I first visited Havana in November 2016, a few days after Fidel Castro died, and just under a year before Hurricane Irma hit Cuba in September 2017. Since then, much has changed, including the hand-painted signs that punctuate the journey from the airport to the city centre, which today do not celebrate the revolution so much as the 'Unidad y...
The exhibition Beyond Boundaries at Somerset House in London (12 March–2 April 2019) marked the historic contributions of the Central Academy of Fine Arts, Beijing (CAFA) and the Slade School of Fine Art, University College London, on the occasion of their 100th and 150th anniversaries, respectively. Spread across several rooms of Somerset House's...
The National 2019: New Australian Art features work by 70 contemporary Australia-based artists split across three venues: the Art Gallery of New South Wales (AGNSW), Carriageworks, and the Museum of Contemporary Art Australia (MCA) (29 March–21 July 2019), as curated by Isobel Parker Philip, curator of photographs at AGNSW; Daniel Mudie Cunningham,...
'As a heap of romance novels and legal manuals enter the artist's studio, Nai is neither invested in their erotic grammar nor in the pronouncement of juridical principles, but rather the gradient of yellow that runs through the outer skins of these books. One cannot help but think of a forlorn lover or a historic appeal waiting between pages—and reckon that we are a country of longing and unfinished business. The artist treats the thousands of books as building blocks, losing their individual character and authorship to become compressed scalar members within vertical architectural schemes. His creative output becomes a performative taxonomy of discarded and resold items—each bearing traces of prior possession.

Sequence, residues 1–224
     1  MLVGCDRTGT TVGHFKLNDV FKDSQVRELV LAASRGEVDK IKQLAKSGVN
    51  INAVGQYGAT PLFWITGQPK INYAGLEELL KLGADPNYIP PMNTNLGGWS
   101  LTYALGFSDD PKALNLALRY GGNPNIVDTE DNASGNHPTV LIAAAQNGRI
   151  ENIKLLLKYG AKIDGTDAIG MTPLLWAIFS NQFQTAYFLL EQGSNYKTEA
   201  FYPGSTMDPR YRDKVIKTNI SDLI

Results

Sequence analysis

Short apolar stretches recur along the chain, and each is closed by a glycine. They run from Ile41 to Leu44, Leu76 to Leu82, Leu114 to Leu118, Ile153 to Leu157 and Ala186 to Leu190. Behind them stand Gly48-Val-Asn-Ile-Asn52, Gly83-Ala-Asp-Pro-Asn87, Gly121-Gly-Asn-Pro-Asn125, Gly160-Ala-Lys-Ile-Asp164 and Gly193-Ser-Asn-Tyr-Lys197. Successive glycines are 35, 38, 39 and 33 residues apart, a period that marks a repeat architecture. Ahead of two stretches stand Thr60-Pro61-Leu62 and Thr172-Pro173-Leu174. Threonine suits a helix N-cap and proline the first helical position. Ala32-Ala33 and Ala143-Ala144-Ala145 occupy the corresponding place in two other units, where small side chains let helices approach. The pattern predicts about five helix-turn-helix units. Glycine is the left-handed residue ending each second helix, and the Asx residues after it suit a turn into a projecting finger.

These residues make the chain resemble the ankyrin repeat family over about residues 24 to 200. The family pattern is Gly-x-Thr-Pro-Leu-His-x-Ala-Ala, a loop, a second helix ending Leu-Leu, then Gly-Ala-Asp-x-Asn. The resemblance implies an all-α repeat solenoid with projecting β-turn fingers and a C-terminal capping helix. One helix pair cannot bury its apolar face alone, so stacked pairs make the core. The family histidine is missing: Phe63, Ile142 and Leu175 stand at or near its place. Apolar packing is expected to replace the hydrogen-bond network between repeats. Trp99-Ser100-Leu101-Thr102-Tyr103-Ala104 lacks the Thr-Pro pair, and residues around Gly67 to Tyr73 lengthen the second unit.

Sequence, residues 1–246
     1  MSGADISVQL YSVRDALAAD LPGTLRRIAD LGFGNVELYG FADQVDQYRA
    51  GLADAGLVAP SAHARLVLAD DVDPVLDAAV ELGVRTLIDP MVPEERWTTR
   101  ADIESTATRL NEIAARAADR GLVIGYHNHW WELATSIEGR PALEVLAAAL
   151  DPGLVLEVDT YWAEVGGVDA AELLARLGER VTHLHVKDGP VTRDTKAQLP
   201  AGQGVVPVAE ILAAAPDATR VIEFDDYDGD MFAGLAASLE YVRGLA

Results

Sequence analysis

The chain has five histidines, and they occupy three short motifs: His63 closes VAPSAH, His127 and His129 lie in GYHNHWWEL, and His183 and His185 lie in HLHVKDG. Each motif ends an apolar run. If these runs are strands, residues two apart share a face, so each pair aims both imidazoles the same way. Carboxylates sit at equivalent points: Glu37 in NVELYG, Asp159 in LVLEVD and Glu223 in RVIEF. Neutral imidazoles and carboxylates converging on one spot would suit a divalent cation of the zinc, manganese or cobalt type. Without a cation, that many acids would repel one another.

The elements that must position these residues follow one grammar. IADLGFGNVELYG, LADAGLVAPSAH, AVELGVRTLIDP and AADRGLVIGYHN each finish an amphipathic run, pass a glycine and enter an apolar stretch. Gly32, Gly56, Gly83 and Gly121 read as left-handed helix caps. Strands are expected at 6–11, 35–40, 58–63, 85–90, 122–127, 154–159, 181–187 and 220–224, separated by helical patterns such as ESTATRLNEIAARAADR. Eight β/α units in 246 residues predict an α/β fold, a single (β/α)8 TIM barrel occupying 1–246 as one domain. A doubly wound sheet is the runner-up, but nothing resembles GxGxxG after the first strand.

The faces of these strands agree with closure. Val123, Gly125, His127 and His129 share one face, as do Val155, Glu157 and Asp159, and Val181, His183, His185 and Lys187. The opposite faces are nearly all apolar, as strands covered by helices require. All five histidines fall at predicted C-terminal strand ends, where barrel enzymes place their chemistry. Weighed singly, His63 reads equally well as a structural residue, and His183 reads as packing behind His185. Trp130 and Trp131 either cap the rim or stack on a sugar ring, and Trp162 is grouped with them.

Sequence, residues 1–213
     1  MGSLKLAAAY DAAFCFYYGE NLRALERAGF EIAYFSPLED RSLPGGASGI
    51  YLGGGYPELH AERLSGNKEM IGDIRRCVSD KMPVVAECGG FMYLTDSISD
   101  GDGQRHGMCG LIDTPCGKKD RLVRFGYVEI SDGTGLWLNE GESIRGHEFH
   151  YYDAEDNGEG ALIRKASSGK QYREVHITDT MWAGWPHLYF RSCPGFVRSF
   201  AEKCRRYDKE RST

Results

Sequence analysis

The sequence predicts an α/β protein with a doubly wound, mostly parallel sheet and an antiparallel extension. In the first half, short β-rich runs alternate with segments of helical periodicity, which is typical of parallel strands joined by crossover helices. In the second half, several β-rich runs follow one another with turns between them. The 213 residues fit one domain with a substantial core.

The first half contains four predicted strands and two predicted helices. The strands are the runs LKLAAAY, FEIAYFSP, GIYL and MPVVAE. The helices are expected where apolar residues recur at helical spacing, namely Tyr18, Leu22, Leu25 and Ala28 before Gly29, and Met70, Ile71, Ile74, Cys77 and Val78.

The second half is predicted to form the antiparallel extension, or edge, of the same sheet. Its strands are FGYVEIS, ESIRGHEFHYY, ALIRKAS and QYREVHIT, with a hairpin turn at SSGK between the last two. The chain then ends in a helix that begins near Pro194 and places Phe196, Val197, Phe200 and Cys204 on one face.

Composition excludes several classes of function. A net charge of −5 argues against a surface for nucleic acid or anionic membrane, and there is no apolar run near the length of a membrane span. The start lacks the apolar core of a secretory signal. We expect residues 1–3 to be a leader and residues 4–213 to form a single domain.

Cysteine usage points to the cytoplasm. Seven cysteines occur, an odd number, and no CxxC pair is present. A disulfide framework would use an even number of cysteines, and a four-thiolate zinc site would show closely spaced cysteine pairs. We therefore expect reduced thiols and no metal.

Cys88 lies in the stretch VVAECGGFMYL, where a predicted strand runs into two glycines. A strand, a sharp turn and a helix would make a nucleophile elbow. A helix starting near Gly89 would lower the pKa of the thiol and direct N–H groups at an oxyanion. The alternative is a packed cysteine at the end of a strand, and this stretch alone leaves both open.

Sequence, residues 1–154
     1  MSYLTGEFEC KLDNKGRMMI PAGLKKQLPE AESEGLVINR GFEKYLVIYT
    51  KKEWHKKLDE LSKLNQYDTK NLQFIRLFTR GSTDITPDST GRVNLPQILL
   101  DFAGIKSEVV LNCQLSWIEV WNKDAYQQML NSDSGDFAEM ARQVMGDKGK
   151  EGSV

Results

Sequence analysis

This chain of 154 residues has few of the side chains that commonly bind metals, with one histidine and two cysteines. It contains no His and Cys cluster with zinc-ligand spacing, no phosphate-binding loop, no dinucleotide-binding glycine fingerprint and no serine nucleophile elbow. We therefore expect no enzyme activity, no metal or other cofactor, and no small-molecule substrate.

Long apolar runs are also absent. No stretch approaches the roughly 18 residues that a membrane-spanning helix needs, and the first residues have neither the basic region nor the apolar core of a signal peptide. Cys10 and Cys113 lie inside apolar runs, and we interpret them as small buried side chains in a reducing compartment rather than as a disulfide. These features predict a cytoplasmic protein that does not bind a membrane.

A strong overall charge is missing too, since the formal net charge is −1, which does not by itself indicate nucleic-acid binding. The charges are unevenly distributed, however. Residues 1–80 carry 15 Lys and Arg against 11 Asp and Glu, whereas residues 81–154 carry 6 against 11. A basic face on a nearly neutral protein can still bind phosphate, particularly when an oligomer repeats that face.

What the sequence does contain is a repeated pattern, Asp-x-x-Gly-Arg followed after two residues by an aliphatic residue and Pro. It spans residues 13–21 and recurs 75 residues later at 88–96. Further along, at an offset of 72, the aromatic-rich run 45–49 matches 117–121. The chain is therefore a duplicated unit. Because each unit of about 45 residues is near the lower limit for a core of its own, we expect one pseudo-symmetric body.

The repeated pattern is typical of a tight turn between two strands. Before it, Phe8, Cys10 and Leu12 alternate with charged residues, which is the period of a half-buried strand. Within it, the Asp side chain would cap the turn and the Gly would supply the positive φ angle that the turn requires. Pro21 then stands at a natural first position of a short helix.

The wear and tear of an intimate economy is maintained in its raw essence, accumulating as an architectonic maze inside the white cube. By covering a central pillar in Galerie Mirchandani + Steinruecke with newsprint, the layered installation organically acquires the quality of a gesamtkunstwerk. The smaller book sculptures are negative monuments, characteristic of geologic fossils congealed in time, created through metabolic destruction and then made whole again. From another perspective, they also come to stand in for bodies cramped in chawls and being tightly packed inside hurtling local train compartments—there is a folding of scale and disfiguration in order to coexist as a mutant urban organism.
Across different neighbourhoods from Chor Bazaar in South Bombay to Vikhroli in the East, the artist engages with informal traders and recycling units for materials of use. Over the years he has observed street culture as a realm of spontaneous innovation and carried forward with those markers of influence, lending new constituencies of value and desire to a low-end material spectrum that includes jute, aluminium, recycled paper, and vacant billboards. It is this generous engagement with the city, re-signification of value and terms of exchangeability that has fascinated me when observing Nai's committed approach.'
Excerpted from the essay Paper City and Ghost Modernity by Natasha Ginwala
Born in 1980 in Gujarat, Manish Nai studied Drawing and Painting at the L.S. Raheja School of Art in Mumbai. His work has been shown in group exhibitions at the Smart Museum of Art, Chicago and the Dr. Bhau Daji Lad Museum, Mumbai. He has participated in the 2nd edition of the Kochi-Muziris Biennale, Kerala (2014) and The Sculpture Park at Madhavendra Palace, Rajasthan (2017-18). Solo exhibitions of his work have been held at the Fondation Fernet Branca, St. Louis, France (2017) and Het Noordbrabants Museum, Den Bosch, The Netherlands (2018). He lives and works in Mumbai.
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